There was an eerie silence for the space of many minutes before I started my questions again.

 

“And when The Times came…I assume you lost your job?” He chuckled again, but there was no amusement in it.

 

“Lost it?” he said quietly. “I retired, I couldn’t work with such narrow minds.” I forced myself to grin. “So, I moved here where I could begin to research something else. Something…revolutionary.”

 

“You mean, how to turn the lights back on?” Dr. Saeva nodded, showing his awful teeth again.

 

“Lights, telephones, cars…printing presses…” he added.

 

“But how?”

 

 Dr. Saeva’s whole face seemed to change as he whispered.

 

“The brain is a fascinating thing, Mr. Finely.” Just then, a muffled cry arose from somewhere beneath our feet, and the doctor’s eyes flashed with another sinister light. “Please, follow me.”

 

There was no denying the convulsions of anxiety that flooded my body now. What was this man about to show me? He led me back into the foyer, and, this time, down the stairs. The muffled cries grew louder the further down we ventured, and we stopped before a heavy door. Dr. Saeva turned to me, his hand on the doorknob.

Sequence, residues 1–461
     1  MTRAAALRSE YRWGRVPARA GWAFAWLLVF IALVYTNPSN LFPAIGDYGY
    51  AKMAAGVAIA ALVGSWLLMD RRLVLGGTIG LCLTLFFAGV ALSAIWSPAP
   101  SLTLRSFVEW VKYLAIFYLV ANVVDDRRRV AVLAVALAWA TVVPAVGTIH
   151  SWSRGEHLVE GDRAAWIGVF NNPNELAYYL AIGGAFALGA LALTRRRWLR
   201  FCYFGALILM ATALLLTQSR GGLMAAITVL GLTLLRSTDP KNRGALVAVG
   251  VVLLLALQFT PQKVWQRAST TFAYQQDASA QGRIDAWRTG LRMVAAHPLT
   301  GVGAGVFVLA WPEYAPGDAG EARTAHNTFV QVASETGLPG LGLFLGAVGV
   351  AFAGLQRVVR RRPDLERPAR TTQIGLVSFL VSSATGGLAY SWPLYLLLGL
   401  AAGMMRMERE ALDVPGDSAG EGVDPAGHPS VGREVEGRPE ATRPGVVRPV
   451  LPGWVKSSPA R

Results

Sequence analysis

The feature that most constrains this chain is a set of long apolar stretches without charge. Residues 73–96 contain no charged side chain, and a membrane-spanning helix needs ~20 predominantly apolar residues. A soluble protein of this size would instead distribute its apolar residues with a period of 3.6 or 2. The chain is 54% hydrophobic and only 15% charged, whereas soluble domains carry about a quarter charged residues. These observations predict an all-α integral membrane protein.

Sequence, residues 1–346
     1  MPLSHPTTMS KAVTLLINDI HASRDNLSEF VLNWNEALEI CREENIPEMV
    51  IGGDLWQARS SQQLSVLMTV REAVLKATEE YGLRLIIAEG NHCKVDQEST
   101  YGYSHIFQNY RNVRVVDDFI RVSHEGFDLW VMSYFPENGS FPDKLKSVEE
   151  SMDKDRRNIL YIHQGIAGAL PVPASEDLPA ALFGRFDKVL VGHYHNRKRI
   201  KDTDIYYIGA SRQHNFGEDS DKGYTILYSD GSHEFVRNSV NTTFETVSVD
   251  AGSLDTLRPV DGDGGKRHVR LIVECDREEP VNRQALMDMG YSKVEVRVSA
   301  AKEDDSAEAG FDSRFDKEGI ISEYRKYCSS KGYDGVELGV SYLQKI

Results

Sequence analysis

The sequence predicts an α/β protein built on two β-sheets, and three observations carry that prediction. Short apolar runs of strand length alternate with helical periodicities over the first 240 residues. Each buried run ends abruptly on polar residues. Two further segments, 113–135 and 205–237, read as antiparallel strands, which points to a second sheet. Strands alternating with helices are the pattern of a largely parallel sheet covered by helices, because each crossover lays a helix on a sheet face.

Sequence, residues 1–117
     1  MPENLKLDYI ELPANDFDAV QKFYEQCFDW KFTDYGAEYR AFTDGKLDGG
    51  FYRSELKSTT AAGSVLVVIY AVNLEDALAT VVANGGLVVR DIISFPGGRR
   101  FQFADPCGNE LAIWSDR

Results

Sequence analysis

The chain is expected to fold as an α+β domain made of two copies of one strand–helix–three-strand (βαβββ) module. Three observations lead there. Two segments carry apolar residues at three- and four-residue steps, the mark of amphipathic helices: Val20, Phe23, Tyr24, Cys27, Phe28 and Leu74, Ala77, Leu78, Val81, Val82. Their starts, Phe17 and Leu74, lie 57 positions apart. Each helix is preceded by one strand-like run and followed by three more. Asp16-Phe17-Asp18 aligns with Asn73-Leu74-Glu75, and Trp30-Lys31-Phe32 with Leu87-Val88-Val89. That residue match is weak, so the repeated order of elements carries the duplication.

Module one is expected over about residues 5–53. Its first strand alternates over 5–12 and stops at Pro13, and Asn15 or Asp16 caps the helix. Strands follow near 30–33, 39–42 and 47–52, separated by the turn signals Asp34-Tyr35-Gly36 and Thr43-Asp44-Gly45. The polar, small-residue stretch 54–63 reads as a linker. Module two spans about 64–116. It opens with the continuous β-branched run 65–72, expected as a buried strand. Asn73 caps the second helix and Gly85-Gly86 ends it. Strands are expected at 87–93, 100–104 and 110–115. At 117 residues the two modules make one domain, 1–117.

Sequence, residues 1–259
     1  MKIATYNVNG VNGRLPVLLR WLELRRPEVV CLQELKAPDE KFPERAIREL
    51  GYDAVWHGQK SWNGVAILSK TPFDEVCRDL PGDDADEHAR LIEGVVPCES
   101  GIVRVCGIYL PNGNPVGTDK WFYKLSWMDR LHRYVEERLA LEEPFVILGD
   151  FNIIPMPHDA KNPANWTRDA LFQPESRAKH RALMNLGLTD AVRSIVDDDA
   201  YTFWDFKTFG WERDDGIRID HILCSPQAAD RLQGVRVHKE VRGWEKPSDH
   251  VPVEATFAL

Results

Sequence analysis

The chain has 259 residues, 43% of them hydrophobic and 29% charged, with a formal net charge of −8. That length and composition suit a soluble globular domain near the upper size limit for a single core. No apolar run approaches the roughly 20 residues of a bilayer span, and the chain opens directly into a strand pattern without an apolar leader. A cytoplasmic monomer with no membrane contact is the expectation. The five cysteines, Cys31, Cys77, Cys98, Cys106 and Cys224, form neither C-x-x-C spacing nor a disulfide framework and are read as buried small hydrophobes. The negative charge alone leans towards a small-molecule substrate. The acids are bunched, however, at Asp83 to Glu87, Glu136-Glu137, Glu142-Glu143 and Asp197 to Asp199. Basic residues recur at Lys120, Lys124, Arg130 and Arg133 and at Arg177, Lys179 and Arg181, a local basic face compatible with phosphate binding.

“I hope you’ve got a strong stomach, Mr. Finely.” And he slowly opened the door.

 

Immediately a blinding light assaulted my eyes, and a great and horrible scream filled my ears. Clapping my hands around my ears, and screwing my eyes shut, I fell to my knees. And, just as quickly as it began, it was over. I didn’t realize that I too, had been shouting. Dr. Saeva placed an unsettlingly strong hand on my shoulder, and helped me to my feet.

 

“You can open your eyes now, Tom.” As soon as I had opened them, I wished I hadn’t. A spasm of horror shook me to my foundation, and I feared my knees would buckle once more.

In the centre of the room was the most monstrous machine I had ever seen. Chains suspended groups of maybe seven people; dozens of large tubes protruding from their mouths and ears, and feeding into a giant generator of sorts. Where their scalps should have been, was transparent glass, revealing their brains, which pulsated furiously. Needles had been stuck nearly everywhere, and were pushed further in the more they writhed and contorted.

 

“Pain.” The doctor whispered. “Causes an electrical response in the brain.” There was another collective scream and another flash of light. “I’ve created a way to harvest this energy.”